Newspaper article THE JOURNAL RECORD

Hearing to View Reductions in Natural Gas Allowables

Newspaper article THE JOURNAL RECORD

Hearing to View Reductions in Natural Gas Allowables

Article excerpt

Revised proposed reductions in natural gas allowables will be the subject of an Oklahoma Corporation Commission public hearing Thursday and Friday.

The commission staff recently revised proposed oil and natural gas rule changes to reflect a natural gas allowable of 37.5 percent of maximum open flow for wells capable of producing more than 2 million cubic feet of natural gas per day. The revised allowable is a reduction from the current 50 percent allowable rate, yet would be half the reduction proposed initially.

Wells capable of producing no more than 2 million cubic feet of natural gas per day would be allowed to produce up to 750,000 cubic feet per day, a reduction from the present 1 million cubic feet.

The proposal also seeks to change rules concerning gas well and gas pool classification, well test requirements and procedures and special allocated gas pools.

The hearing begins at 9:30 a.m. in the Commissioners' Courtroom, third floor of the Jim Thorpe Building. . .

- Change won't come to the energy industry until the president and congress are alerted, according toJune Brooks, founder and president of June Brooks Oil & Gas Co. of Ardmore.

Speaking to Women In Energy members Wednesday, Brooks gave audience members pre-stamped postcards and asked them to write comments to President Reagan, Oklahoma's senators and representatives in Washington, D.C., and influential members of Congress on the Senate Finance and Energy and Natural Resources Committees.

Unless people in the energy industry get involved in politics, she said, the energy and agricultural problems facing this region will not be solved.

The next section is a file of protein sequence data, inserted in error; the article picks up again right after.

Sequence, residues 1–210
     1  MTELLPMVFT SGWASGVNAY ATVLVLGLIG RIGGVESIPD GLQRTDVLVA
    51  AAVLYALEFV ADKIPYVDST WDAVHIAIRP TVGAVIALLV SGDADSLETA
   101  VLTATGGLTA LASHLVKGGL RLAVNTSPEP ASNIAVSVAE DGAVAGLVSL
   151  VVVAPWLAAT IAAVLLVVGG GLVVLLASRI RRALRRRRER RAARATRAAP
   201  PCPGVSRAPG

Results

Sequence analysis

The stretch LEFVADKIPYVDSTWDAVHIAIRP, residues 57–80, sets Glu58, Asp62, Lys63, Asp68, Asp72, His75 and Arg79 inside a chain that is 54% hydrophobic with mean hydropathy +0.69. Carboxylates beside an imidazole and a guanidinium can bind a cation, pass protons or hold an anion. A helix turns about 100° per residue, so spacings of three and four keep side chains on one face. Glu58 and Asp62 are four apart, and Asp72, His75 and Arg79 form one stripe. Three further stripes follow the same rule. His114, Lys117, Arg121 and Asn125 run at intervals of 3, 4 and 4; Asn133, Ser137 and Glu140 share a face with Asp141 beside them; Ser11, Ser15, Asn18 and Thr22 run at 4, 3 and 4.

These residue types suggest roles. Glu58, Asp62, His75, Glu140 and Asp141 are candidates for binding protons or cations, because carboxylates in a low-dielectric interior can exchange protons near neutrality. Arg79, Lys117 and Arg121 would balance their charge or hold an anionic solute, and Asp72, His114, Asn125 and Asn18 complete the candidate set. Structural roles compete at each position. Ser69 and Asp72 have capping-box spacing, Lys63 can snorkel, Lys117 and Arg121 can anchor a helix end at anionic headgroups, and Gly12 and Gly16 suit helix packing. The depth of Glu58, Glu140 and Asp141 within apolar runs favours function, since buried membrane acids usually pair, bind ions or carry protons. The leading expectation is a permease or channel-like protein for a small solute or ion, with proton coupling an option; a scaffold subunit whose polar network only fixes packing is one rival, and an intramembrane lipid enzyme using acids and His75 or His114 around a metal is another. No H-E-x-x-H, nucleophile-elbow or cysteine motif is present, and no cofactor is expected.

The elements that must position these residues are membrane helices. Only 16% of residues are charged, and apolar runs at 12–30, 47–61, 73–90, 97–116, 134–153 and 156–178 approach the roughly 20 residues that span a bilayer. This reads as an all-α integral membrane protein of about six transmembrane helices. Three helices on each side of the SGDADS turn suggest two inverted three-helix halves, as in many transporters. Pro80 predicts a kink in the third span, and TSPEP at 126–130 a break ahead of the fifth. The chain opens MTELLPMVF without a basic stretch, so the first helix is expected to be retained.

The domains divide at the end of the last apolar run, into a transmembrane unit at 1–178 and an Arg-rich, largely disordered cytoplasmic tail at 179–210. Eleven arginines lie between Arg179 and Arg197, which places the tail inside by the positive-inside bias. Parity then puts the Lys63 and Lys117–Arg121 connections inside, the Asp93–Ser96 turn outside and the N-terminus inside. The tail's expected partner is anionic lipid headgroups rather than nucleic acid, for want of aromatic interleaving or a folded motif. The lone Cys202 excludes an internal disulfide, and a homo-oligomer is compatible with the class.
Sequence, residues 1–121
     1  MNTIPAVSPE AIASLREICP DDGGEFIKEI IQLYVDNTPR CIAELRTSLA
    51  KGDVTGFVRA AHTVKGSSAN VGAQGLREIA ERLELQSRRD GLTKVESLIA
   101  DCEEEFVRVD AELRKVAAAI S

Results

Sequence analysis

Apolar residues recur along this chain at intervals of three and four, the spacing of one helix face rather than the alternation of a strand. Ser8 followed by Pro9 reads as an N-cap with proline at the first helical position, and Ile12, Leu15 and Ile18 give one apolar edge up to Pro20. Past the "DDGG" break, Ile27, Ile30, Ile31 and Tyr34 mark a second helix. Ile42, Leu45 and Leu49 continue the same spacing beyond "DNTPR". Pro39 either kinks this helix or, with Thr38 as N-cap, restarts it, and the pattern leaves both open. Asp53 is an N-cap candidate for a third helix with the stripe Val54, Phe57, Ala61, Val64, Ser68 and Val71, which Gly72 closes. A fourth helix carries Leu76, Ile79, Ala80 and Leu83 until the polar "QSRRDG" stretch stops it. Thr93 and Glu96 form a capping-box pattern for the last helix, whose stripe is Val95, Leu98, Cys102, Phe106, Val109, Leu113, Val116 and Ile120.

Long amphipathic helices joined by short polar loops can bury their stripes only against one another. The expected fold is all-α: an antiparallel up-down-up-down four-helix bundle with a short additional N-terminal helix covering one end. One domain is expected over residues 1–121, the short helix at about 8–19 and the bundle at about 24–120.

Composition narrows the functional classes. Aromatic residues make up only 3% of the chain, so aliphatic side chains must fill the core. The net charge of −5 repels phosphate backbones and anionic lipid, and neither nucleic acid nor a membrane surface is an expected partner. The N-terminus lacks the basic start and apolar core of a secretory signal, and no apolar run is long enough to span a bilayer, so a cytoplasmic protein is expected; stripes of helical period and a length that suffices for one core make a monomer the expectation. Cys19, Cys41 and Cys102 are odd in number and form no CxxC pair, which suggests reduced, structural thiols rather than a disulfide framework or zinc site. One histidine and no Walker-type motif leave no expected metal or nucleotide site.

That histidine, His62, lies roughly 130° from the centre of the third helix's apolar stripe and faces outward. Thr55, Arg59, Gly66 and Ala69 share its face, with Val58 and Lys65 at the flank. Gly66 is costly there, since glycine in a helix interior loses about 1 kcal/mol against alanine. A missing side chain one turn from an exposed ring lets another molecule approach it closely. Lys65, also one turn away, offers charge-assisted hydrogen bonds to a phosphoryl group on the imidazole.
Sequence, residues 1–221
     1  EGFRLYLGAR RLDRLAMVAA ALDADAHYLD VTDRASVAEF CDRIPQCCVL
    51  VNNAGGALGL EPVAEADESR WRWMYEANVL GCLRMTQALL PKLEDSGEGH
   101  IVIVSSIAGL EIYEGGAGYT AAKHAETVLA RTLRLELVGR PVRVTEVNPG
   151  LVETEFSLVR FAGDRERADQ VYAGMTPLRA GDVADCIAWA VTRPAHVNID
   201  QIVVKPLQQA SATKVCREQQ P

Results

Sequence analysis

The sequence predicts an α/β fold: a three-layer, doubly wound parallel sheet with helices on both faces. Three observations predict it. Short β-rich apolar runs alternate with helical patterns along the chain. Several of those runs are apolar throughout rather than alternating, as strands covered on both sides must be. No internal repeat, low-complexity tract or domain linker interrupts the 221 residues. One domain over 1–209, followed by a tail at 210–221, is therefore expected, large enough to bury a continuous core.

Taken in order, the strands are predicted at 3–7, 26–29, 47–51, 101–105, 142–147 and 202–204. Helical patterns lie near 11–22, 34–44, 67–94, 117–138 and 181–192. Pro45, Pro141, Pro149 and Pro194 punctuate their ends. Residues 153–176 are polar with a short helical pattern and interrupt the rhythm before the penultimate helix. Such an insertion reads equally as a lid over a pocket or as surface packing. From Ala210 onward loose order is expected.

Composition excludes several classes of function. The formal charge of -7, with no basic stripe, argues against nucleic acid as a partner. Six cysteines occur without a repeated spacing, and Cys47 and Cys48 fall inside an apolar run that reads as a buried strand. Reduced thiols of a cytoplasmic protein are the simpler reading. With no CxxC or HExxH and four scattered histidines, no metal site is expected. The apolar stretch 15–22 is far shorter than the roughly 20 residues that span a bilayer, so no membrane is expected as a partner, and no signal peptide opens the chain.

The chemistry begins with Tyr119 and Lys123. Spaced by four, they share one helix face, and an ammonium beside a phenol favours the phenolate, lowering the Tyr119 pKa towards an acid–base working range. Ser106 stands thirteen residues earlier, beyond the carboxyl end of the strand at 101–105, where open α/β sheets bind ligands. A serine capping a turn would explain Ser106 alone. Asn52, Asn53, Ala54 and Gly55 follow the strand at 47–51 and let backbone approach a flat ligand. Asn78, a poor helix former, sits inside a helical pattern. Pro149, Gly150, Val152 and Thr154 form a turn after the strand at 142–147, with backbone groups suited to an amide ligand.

Legislation written in Washington is crippling the industry, Brooks said, noting that moratoriums on exploration areas are affecting the oil and natural gas industry's future, because the oil and natural gas found now will be used in the next century.

The nation is sending $60 billion per year to foreign countries for imported oil, she stated. If oil prices are maintained at $18 per barrel, production will fall by 5 million barrels per day by 1991.

"It's not long before the independent and service sectors of the industry cease to exist," Brooks said.

Brooks said she supports Sen. David Boren's five-point program for easing the tax burden on the industry. Boren proposes a repeal of the windfall profit tax, an increase in the percentage depletion allowance and an oil-import fee, among other proposals. . .

- The Society of Petroleum Engineers will hold its Oklahoma City section meeting Thursday in the Whitehall Club.

Claude R. Hocutt, a Society of Petroleum Engineers Distinguished Lecturer Emeritus for 1986-87, will address the use and importance of high technology in oil and natural gas production operations.

The social hour begins with a 5:30 p.m., with dinner served at 6:15 p.m. ($13 to members) and the program begins at 7:15 p.m. The Whitehall Club is in Fidelity Plaza. . .

- A briefing on the Oklahoma Corporation Commission's well data maintenance system will be held at 10 a.m. Feb. 26 for oil and natural gas companies and individuals involved in drilling and production in the state.

The system provides computerized tracking of current and historical data on all oil and natural gas wells in Oklahoma.

In the final phase, which will be discussed in detail during the briefing, oil and natural gas production information will be brought into the central data base, which already includes surety, intent-to-drill and well inventory information and procedures. …

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